"Obviously we're thrilled," Prince William said today at an official event in Oxford, England. "It's great news."
Kate, 32, was scheduled to travel to Oxford with William but is instead being treated by doctors at Kensington Palace today, royal officials said.
“She's feeling OK," Prince William said. "[It's the] early days but I hope things settle down and she feels a bit better."
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The duchess is not yet 12 weeks pregnant, Palace officials told ABC News.
The Palace would likely not have released news of Kate’s pregnancy for another five to six weeks had she been healthy enough to attend public events, ABC News royal contributor Victoria Murphy, who is in Oxford covering the royal event, said.
“It’s not something that they would have wanted to do,” Murphy said. “They had to announce it today because she was due to attend here today and she couldn’t be here and they knew that there would be huge questions and speculation about why she wasn’t here.”
Kate was not yet 12 weeks pregnant in December 2012 when the Palace announced her pregnancy with Prince George. In that case, the couple decided to go public with the news of the pregnancy after the duchess was admitted to the hospital for hyperemesis gravidarum, a Palace source said at the time.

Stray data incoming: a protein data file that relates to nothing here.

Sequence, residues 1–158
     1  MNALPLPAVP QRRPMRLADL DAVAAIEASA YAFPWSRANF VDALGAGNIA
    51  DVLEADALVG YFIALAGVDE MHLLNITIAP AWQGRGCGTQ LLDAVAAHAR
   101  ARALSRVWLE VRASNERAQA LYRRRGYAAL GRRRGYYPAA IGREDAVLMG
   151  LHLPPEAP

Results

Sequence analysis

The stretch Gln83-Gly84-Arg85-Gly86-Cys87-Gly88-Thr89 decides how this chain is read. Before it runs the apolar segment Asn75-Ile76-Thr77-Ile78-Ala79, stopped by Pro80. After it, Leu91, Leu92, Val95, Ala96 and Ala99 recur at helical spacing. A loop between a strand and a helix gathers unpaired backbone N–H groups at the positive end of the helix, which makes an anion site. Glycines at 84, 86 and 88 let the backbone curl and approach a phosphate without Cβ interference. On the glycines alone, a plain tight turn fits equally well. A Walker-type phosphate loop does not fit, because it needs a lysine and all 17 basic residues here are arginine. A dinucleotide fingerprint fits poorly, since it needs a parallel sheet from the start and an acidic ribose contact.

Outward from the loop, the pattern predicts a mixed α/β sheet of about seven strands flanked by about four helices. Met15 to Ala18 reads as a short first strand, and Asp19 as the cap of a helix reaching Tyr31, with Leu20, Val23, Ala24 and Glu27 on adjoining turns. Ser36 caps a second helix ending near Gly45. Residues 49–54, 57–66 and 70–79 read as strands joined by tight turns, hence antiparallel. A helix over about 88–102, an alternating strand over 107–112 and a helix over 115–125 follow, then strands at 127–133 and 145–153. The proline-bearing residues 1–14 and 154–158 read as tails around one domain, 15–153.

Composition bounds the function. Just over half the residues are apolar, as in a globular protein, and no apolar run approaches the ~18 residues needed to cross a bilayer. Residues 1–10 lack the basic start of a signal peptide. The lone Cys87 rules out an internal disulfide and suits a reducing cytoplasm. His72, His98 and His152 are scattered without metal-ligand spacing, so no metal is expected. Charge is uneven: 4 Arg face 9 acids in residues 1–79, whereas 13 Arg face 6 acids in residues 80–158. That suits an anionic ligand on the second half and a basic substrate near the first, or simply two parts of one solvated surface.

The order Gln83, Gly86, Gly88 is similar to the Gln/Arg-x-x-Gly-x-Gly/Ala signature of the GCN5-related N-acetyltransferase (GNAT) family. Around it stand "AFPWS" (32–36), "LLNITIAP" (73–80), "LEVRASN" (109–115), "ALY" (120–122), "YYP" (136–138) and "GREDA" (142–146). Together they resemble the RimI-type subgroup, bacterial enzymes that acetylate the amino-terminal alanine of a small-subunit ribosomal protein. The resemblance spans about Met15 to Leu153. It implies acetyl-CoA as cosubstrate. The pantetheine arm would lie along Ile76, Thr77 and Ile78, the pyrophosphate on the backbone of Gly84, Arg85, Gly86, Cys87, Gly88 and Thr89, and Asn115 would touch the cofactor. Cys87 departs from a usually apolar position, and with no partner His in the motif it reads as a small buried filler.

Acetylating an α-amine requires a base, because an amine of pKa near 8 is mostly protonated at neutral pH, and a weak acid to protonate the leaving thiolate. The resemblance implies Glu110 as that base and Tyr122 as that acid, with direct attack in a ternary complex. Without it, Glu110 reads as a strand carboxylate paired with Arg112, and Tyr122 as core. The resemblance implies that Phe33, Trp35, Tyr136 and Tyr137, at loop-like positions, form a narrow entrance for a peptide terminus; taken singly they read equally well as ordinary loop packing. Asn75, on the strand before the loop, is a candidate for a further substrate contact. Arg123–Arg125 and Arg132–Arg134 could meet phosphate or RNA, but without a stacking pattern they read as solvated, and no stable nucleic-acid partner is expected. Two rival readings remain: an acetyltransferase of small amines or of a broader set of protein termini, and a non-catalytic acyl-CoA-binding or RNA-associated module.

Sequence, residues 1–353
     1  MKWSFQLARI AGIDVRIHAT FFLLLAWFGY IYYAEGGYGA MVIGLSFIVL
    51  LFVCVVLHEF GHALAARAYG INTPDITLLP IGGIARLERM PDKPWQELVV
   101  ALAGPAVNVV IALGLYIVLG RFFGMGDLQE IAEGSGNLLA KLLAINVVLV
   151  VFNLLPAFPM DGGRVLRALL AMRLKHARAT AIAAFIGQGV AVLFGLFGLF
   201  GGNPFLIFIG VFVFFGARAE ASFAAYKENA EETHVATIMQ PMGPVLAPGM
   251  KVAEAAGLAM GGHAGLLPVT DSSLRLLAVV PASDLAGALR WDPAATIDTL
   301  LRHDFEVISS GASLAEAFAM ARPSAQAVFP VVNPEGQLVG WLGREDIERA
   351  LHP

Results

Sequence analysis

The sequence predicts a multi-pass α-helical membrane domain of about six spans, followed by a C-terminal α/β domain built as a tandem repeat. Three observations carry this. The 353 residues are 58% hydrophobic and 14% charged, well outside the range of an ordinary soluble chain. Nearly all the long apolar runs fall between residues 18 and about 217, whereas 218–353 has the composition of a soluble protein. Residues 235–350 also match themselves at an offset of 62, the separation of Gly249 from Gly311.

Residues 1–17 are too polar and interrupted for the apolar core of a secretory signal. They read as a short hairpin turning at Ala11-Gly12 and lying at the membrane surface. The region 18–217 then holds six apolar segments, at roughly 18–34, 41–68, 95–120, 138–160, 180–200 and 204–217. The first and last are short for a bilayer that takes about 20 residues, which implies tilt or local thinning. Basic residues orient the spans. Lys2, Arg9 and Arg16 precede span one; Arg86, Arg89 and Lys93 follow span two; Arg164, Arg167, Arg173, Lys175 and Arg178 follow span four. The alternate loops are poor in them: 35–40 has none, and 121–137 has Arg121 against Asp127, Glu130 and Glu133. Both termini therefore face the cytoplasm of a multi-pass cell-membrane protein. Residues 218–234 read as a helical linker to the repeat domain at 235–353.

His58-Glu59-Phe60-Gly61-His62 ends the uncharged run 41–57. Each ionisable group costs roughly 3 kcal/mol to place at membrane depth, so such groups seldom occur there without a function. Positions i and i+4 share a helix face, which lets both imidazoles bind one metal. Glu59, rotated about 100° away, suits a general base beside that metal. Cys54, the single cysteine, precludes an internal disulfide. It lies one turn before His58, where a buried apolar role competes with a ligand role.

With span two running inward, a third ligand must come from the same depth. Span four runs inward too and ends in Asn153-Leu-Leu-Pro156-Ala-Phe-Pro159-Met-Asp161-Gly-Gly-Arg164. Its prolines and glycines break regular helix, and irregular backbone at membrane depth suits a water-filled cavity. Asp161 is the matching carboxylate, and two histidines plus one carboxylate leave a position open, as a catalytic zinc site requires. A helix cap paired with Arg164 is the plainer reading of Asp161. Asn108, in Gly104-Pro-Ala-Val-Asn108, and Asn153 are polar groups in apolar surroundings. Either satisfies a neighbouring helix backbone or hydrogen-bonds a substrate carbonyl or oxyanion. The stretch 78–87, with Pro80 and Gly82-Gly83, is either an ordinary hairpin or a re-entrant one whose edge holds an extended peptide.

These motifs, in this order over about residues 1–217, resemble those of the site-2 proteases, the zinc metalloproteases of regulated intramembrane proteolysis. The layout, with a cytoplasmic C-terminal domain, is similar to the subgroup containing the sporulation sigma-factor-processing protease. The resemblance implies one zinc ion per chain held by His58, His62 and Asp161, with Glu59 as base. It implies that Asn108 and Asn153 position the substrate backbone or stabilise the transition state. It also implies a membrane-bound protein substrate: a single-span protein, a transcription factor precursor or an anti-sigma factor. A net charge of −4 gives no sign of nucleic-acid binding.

Hyperemesis gravidarum is acute morning sickness that requires supplementary hydration and nutrients.
“This is morning sickness like a hurricane is a little bit of rain,” said ABC News’ medical contributor Dr. Jennifer Ashton, an ob-gyn who has not treated the duchess. "It's really not morning sickness."
“Typically this resolves around mid-pregnancy but in some extreme cases it can last the entire nine months," she added.
Kate was due to visit Malta in less than two weeks, her first solo royal engagement abroad. But given her morning sickness, Palace officials will determine whether she's able to attend.
“While the couple is obviously very excited, they are very cautiously excited,” royal contributor Murphy said.
The baby, expected to be born in the spring, will be a younger sibling to 1-year-old Prince George. He or she will be fourth in line to the British throne after grandfather Prince Charles, father Prince William and big brother George.
It is playfully called "an heir and a spare," with George in direct line to the throne and the new baby his alternate. Second-born royal babies can end up as monarch. Britain’s last King, George VI, acceded to the throne in 1936 when his older brother Edward VII abdicated.
British Prime Minister David Cameron expressed excitement about the announcement.
“Many congratulations to the Duke and Duchess of Cambridge. I’m delighted by the happy news that they’re expecting another baby,” he wrote on Twitter.